GREENSBORO, N.C. — As thousands of Americans across the country urgently line up to roll up their sleeves, questions about the COVID-19 vaccine continue to roll out.
Good Morning Show viewer Judy Knighten asked, "With this COVID-19 shot, will you have to take it every year, like you do the flu shot?"
To VERIFY the longevity of the COVID-19 vaccine, let's look at some comparisons.
Mayo Clinic explains researchers have to tweak the flu vaccine every year, because flu viruses evolve so quickly. When you get the flu shot, your immune system produces antibodies to protect against the viruses included in that year's vaccine. But, antibody levels can decline over time, which is why doctors recommend an annual flu shot. Note the regular flu shot, like the COVID-19 vaccine, does not contain live virus (though the flu nasal spray does).
Compare that to the varicella vaccine -- the 'chicken pox shot' -- which does contain live virus. The CDC explains live virus vaccines generally have long-lasting immunity. Several studies show people vaccinated with both doses have antibodies for at least 10 to 20 years after vaccination. Effectiveness was 97% in the first year and held stable between 81 to 86% after that.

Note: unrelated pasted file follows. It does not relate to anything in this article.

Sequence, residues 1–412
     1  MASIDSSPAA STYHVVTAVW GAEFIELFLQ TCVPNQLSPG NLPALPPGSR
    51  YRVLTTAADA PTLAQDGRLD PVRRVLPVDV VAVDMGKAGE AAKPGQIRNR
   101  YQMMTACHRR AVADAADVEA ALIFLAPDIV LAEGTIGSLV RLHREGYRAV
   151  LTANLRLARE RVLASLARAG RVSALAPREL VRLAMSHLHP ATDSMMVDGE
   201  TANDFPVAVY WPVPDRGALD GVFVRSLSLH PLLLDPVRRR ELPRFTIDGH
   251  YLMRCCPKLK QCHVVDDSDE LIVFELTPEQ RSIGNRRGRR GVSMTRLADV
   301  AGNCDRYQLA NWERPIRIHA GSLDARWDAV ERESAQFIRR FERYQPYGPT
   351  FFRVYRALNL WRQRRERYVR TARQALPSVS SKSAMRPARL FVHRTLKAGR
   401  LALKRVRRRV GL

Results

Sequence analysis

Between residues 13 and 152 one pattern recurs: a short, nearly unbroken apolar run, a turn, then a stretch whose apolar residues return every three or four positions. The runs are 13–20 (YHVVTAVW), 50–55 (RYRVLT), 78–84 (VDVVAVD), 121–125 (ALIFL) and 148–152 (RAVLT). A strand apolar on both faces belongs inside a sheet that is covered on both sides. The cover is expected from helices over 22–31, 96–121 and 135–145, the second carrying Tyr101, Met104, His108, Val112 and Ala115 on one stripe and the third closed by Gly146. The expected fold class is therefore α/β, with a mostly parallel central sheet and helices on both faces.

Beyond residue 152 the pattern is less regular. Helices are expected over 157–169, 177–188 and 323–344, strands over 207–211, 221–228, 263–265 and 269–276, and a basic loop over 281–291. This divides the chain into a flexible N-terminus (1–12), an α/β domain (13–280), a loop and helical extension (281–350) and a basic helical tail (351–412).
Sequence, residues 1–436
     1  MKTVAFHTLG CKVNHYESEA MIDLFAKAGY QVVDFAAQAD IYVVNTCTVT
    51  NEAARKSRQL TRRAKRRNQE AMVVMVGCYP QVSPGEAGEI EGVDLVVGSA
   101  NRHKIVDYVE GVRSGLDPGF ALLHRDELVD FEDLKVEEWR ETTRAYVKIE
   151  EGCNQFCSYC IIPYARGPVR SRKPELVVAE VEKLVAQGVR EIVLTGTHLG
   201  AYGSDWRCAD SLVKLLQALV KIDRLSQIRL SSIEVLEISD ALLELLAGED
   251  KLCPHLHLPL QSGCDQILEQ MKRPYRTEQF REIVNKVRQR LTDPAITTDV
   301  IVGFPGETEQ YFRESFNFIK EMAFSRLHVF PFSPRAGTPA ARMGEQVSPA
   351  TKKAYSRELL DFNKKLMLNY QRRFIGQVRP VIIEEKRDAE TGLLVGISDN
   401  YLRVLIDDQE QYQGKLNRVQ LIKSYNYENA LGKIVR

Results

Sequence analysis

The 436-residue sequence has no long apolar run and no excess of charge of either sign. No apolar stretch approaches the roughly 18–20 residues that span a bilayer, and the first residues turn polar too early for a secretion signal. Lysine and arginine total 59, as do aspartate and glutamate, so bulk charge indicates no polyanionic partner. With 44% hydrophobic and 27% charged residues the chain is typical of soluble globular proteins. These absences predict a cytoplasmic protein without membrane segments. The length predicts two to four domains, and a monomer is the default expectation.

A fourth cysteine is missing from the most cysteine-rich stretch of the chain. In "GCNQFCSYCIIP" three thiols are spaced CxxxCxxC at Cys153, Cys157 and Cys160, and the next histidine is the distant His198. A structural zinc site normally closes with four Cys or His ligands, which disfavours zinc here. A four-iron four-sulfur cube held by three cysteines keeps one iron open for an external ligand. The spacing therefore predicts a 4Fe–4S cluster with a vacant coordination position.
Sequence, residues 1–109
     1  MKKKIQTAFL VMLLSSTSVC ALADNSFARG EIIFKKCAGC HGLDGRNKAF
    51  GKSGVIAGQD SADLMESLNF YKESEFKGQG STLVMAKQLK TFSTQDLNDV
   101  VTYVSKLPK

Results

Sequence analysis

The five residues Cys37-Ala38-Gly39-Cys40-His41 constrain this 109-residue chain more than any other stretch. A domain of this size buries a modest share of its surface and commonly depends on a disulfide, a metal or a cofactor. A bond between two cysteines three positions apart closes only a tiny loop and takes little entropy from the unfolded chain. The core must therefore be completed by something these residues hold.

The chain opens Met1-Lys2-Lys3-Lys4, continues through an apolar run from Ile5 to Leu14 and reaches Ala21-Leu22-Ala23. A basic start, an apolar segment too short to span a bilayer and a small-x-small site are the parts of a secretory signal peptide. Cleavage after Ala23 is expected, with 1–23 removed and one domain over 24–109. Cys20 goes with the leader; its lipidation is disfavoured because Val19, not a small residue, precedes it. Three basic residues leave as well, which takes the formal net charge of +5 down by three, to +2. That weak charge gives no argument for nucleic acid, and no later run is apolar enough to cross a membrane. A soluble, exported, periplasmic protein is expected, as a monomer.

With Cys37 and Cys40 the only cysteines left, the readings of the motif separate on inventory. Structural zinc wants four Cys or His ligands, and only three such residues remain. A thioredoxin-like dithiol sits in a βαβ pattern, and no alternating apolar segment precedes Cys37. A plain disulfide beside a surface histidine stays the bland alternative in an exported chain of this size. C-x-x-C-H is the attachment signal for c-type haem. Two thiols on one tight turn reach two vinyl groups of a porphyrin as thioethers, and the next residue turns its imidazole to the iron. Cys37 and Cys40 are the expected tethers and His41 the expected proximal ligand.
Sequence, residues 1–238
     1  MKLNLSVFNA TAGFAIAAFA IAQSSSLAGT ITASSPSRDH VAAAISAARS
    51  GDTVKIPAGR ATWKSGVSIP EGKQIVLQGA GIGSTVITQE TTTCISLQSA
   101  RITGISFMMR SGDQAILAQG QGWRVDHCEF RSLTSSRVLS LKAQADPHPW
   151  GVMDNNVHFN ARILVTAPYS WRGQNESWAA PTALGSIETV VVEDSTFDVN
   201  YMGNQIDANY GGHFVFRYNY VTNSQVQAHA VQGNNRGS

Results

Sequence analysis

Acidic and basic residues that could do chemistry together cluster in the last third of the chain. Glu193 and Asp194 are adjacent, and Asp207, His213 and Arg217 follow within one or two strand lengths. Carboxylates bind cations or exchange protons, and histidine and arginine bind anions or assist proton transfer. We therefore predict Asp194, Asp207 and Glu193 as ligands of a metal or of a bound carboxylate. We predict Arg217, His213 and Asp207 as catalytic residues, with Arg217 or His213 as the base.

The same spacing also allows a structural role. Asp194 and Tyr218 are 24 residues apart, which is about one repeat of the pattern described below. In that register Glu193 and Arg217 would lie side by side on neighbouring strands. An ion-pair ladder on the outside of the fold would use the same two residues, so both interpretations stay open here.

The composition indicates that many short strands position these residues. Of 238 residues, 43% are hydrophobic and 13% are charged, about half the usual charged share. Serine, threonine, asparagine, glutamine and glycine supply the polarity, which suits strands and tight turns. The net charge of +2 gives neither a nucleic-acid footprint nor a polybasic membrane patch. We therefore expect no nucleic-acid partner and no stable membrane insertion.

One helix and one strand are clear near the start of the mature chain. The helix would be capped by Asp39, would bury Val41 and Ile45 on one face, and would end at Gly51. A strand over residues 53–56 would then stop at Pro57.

Researchers from Johns Hopkins explained scientists are still looking into COVID-19 vaccine immunity, but a finger prick research study out of London found antibody response diminishes over time and was most dramatic in the 75-and-older age group. Experts believe immunity from a natural infection lasts only two to five months.
Vaccine developers are looking at ways to boost effectiveness for longer immune protection. So, experts conclude it is too early to know if you will need a COVID-19 vaccine every year. They stress getting the vaccine now is the best way to help us reach herd immunity in the future.
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